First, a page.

TIMMS Mr Hector's stuff's not meant for the exam, sir. It's to make us more rounded human beings.
IRWIN This examination will be about everything and anything you know and are.
If there's a question about Auden or whoever and you know about it, you must answer it.
AKTHAR We couldn't do that, sir.
That would be a betrayal of trust.
Laying bare our souls, sir.
LOCKWOOD Is nothing sacred, sir?
POSNER I would, sir.
And they would. They're taking the piss.
'England, you have been here too long
And the songs you sing now are the songs you sung
On an earlier day, now they are wrong.'
IRWIN Who's that?
LOCKWOOD Don't you know, sir?
It's Stevie Smith, sir. Of 'Not Waving but Drowning' fame.
IRWIN Well, don't tell me that is useless knowledge.
You get an essay on post-imperial decline, losing an empire and finding a role, all that stuff, that quote is the perfect way to end it.
AKTHAR Couldn't do that, sir.
It's not education. It's culture.
IRWIN How much more stuff like that have you got up your sleeves?
The bell goes.
LOCKWOOD All sorts, sir!
The train! The train!
Scripps plays a theme from Rachmaninov's Second Piano Concerto.
POSNER (Celia Johnson) I really meant to do it.
I stood there right on the edge.
But I couldn't. I wasn't brave enough.
I would like to be able to say it was the thought of you and the children that prevented me but it wasn't.
I had no thoughts at all.
Only an overwhelming desire not to feel anything at all ever again.
Not to be unhappy any more.
I went back into the refreshment room.
That's when I nearly fainted.
IRWIN What is all this?
SCRIPPS (Cyril Raymond) Laura.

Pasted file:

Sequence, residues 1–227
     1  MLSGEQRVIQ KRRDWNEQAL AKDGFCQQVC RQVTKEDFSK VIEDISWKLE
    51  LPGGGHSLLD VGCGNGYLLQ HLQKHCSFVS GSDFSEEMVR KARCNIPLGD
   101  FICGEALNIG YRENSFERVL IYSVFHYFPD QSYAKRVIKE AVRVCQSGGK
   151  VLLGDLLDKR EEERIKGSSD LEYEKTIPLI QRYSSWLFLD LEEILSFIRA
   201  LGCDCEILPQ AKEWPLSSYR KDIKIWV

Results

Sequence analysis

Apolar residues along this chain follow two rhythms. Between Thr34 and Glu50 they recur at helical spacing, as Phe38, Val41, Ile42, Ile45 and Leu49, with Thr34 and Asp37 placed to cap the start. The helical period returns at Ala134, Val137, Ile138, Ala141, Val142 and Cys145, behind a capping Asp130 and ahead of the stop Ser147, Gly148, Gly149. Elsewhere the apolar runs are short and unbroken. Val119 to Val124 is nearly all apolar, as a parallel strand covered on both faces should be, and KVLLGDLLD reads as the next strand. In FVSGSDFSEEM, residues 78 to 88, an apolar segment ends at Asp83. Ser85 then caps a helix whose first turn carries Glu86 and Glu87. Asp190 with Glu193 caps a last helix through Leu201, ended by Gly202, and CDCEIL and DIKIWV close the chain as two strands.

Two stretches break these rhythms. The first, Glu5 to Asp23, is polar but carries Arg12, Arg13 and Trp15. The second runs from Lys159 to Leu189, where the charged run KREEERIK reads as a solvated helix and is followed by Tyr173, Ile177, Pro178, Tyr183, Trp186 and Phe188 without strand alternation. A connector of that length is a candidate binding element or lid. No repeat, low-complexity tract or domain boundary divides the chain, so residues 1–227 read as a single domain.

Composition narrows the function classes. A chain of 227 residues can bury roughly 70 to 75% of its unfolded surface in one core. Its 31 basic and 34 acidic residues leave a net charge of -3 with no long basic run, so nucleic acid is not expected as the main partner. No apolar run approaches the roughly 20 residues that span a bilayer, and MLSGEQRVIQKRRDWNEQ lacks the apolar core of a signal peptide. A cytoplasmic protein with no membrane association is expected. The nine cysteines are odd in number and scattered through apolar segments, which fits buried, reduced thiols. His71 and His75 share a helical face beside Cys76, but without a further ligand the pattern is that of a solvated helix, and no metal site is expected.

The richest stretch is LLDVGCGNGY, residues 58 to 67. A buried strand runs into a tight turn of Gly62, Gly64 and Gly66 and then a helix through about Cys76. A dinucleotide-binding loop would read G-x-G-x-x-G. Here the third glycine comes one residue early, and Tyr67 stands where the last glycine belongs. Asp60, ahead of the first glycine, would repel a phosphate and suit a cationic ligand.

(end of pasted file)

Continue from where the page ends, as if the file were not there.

POSNER (Celia Johnson) Yes, dear.
SCRIPPS (Cyril Raymond) Whatever your dream was, it wasn't a very happy one was it?
POSNER (Celia Johnson) No.
SCRIPPS (Cyril Raymond) Is there anything I can do to help?
POSNER (Celia Johnson) You always help, dear.
SCRIPPS (Cyril Raymond) You've been a long way away.
Thank you for coming back to me.
She cries and he embraces her.
IRWIN God knows why you've learned Brief Encounter.
BOYS Oh very good, sir. Full marks, sir.
IRWIN But I think you ought to know this lesson has been a complete waste of time.
DAKIN Like Mr Hector's lessons then, sir. They're a waste of time, too.
IRWIN Yes, you little smart-arse, but he's not trying to get you through an exam.
MRS LINTOTT So have the boys given you a nickname?
IRWIN Not that I'm aware of.
MRS LINTOTT A nickname is an achievement ...both in the sense of something won and also in its armorial sense of a badge, a blazon.
Unsurprisingly, I am Tot or Totty. Some irony there, one feels.
IRWIN Hector has no nickname.
MRS LINTOTT Yes he has: Hector.
IRWIN But he's called Hector.
MRS LINTOTT And that's his nickname too. He isn't called Hector. His name's Douglas, though the only person I've ever heard address him as such is his somewhat unexpected wife.
IRWIN Posner came to see me yesterday. He has a problem.
MRS LINTOTT No nickname, but at least you get their problems. I seldom do.
POSNER Sir, I think I may be homosexual.
IRWIN Posner, I wanted to say, you are not yet in a position to be anything.
MRS LINTOTT You're young, of course. I never had that advantage.
POSNER I love Dakin.
IRWIN Does Dakin know?
POSNER Yes. He doesn't think it's surprising. Though Dakin likes girls basically.
IRWIN I sympathised, though not so much as to suggest I might be in the same boat.
MRS LINTOTT With Dakin?
IRWIN With anybody.
MRS LINTOTT That's sensible. One of the hardest things for boys to learn is that a teacher is human. One of the hardest things for a teacher to learn is not to try and tell them.
POSNER Is it a phase, sir?
IRWIN Do you think it's a phase?
POSNER Some of the literature says it will pass.
IRWIN I wanted to say that the literature may say that, but that literature doesn't.
POSNER I'm not sure I want it to pass.
But I want to get into Cambridge, sir. If I do, Dakin might love me.
Or I might stop caring.
Do you look at your life, sir?
IRWIN I thought everyone did.
POSNER I'm a Jew.
And I live in Sheffield.
MRS LINTOTT Did you let that go?
IRWIN Fucked? Yes, I did, I'm afraid.
MRS LINTOTT It's a test. A way of finding out if you've ceased to be a teacher and become a friend.
He's a bright boy. You'll see. Next time he'll go further.
What else did you talk about?
Mrs Lintott goes.
IRWIN What goes on in Mr Hector's lessons?
POSNER Nothing, sir.
Anyway, you shouldn't ask me that, sir.
IRWIN Quid pro quo.